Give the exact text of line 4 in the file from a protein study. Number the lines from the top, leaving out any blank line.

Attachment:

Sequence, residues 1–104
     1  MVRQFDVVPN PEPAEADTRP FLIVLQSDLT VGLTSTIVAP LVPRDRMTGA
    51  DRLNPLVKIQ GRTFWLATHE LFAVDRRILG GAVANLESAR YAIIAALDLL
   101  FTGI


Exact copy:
   101  FTGI